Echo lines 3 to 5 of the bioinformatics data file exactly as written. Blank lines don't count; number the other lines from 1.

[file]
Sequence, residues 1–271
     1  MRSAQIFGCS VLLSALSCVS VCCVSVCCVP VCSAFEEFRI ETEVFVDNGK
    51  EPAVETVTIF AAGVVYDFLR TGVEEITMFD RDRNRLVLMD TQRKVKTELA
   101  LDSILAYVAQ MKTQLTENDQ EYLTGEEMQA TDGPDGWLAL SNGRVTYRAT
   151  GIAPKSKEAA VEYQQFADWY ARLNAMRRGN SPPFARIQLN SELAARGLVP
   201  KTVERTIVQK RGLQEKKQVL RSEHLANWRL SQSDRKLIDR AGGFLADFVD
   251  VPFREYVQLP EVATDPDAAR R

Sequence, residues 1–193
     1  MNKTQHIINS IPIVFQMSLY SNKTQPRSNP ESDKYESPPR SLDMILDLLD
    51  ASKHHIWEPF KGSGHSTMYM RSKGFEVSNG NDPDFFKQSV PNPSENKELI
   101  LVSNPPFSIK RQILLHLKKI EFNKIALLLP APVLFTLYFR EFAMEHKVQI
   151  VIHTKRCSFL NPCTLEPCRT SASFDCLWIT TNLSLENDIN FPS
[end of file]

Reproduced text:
    51  EPAVETVTIF AAGVVYDFLR TGVEEITMFD RDRNRLVLMD TQRKVKTELA
   101  LDSILAYVAQ MKTQLTENDQ EYLTGEEMQA TDGPDGWLAL SNGRVTYRAT
   151  GIAPKSKEAA VEYQQFADWY ARLNAMRRGN SPPFARIQLN SELAARGLVP